Deadly Yemen car bomb 'intended for civilians'

Five killed when explosive-laden vehicle detonated near Aden International Airport

Aftermath of the Aden car bomb blast that killed five

Aftermath of the Aden car bomb blast that killed five
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A terrorist explosion in Aden which killed five people, including a child, was intended for civilians, Yemen’s Supreme Security Committee has said.

Forty people were injured when an explosive-laden car detonated near the main gate of Aden International Airport on Saturday.

The committee, chaired by Aden governor Ahmed Lamlas, issued a statement late on Saturday night vowing to bring those responsible to justice.

"We assure all residents in Aden that all the state institutions are fully operating, including the airport, and we call upon them to practise their daily life normally,” the committee said.

The Office of Public Health in Aden confirmed the death toll.

“The airport is operating in full capacity and flights are going on according to the schedule,” Basam Al Muflehi, a Ministry of Transportation representative, told The National.

Earlier on Saturday night, Capt Mutalq Al Daghfali, liaison officer at Aden airport, told The National that no airport security staff were killed in the explosion.

Yemeni Prime Minister Maeen Abdulmalik Saeed instructed the security committee to carry out a swift probe into the circumstances of the attack and tighten security to “foil any harm targeting Aden's security and stability”, state-owned Saba news reported on Sunday.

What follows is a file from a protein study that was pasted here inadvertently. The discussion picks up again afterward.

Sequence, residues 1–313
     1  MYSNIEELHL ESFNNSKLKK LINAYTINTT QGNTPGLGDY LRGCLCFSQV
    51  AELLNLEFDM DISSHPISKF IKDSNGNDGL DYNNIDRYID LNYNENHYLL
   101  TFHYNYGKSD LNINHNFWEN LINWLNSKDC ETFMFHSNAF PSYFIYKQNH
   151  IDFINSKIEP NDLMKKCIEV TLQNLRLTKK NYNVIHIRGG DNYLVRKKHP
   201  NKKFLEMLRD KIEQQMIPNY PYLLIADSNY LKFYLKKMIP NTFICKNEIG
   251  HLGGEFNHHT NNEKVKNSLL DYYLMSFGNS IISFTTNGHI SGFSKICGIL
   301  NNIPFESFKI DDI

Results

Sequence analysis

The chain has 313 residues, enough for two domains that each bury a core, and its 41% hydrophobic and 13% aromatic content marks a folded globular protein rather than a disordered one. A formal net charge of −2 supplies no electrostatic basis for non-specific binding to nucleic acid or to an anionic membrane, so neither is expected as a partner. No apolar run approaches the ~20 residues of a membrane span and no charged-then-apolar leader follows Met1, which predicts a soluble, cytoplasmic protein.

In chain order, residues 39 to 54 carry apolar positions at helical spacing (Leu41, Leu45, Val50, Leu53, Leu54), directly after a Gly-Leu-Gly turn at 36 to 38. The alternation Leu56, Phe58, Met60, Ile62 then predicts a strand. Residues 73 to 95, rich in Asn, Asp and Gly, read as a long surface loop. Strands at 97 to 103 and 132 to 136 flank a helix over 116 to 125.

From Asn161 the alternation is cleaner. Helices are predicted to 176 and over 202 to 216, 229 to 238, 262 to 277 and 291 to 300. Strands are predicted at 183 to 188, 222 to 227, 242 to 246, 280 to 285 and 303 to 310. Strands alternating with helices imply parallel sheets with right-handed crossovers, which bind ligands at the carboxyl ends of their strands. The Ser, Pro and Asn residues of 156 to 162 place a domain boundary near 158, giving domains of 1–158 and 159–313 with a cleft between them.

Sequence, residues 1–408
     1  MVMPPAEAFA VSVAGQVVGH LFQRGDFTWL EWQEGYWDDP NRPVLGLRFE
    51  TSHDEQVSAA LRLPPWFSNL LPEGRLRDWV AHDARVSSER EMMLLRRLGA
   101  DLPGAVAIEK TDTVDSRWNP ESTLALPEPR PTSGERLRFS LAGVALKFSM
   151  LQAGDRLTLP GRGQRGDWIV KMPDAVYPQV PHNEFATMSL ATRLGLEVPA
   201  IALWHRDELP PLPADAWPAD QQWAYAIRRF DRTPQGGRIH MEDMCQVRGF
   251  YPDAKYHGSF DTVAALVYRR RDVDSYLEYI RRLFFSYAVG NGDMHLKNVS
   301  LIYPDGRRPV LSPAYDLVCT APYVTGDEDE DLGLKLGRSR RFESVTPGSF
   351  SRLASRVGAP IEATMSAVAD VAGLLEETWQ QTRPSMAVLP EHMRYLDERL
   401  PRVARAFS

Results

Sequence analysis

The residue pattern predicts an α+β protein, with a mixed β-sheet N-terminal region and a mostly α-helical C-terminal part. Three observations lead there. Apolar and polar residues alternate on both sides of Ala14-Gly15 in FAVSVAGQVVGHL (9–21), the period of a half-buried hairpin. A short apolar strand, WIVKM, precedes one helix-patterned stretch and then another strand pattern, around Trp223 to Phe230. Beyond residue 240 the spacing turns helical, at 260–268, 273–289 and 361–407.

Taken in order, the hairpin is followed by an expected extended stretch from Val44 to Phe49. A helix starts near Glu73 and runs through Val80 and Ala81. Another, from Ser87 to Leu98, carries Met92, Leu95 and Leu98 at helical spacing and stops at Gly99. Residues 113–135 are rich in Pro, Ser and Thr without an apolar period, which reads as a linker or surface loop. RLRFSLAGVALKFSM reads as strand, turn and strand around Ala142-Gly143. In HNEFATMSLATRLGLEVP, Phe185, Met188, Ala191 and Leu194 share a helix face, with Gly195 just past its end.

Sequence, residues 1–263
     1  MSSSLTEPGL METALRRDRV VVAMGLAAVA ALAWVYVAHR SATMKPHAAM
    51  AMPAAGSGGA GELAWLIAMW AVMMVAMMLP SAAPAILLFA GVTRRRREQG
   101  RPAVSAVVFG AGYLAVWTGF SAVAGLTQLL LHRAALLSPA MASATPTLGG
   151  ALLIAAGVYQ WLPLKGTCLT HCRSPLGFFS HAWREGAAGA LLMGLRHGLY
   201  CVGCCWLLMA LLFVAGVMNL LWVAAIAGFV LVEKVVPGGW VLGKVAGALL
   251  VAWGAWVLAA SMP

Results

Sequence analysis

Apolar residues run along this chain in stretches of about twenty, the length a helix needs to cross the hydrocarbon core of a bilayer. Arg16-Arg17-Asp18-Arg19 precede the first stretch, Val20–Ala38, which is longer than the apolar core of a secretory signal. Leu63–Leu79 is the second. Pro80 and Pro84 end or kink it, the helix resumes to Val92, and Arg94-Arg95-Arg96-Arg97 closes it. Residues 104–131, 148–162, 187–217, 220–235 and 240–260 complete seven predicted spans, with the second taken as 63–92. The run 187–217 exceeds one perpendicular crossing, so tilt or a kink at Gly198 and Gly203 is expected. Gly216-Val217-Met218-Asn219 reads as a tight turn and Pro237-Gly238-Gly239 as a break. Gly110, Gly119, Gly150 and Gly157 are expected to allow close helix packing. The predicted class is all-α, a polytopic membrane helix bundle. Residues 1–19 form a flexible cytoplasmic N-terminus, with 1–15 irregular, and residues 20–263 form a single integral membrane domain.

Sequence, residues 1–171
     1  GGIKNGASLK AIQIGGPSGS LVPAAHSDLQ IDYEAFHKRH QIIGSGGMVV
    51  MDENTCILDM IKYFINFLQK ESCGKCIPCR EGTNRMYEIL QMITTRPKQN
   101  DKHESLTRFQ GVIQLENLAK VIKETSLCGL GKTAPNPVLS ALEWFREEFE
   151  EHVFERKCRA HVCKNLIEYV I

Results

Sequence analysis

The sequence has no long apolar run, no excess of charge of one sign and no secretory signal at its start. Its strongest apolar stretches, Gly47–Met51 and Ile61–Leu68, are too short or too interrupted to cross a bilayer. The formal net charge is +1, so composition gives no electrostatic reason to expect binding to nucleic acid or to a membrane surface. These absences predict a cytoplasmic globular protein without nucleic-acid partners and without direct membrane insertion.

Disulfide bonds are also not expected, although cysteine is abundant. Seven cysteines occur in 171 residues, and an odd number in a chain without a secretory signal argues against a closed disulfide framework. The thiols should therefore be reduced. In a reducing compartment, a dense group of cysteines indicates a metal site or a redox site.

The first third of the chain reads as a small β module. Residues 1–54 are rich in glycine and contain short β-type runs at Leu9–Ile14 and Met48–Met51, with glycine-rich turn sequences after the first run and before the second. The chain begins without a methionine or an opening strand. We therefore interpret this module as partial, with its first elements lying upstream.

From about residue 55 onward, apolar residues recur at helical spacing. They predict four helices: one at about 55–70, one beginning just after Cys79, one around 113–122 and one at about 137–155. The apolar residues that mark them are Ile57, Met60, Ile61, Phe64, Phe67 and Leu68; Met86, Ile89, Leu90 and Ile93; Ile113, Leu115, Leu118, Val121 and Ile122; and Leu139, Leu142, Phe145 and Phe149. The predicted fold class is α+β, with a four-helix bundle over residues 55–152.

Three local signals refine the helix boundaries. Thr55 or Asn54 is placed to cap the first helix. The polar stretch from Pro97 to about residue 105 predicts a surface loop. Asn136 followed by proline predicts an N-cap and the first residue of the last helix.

The attack was condemned by Dr Nayef Al Hajraf, Secretary General of the Gulf Co-operation Council (GCC), Saudi state media reported.

Dr Al Hajraf said the GCC rejects terrorist acts as “incompatible with all religious principles and moral and humanitarian values” and offered condolences to the families of the victims.

No group has yet claimed responsibility for the blast, which was Yemen's deadliest terrorist attack since December 2020, when an explosion ripped through Aden's airport as members of the government arrived, killing 22 people and wounding more than 50.

'I was working on my computer when the blast went off'

Saturday's blast caused severe damage to buildings on the street near the airport.

Offices, hotels, grocery stores, internet cafes, pharmacies and homes were left badly damaged.

"The explosion was tremendous," said Nafea Ahmed, who lives on the street.

"I was working on my computer when the blast went off. At first I thought a rocket had hit the roof of our house because the windows and the decorations were smashed to pieces," he told The National.

"It was much stronger than the explosions that rocked the airport in December last year when the government arrived from Saudi Arabia – our house wasn't damaged that much in the December missile attack."

The EU's mission to Yemen condemned the attack.

"We are shocked and saddened by the continued senseless loss of life," it said on Saturday.

"The EU extends its condolences to the families of the victims and wishes those injured a speedy recovery. Implementing Riyadh Agreement is a top priority."

Updated: November 01, 2021, 1:01 PM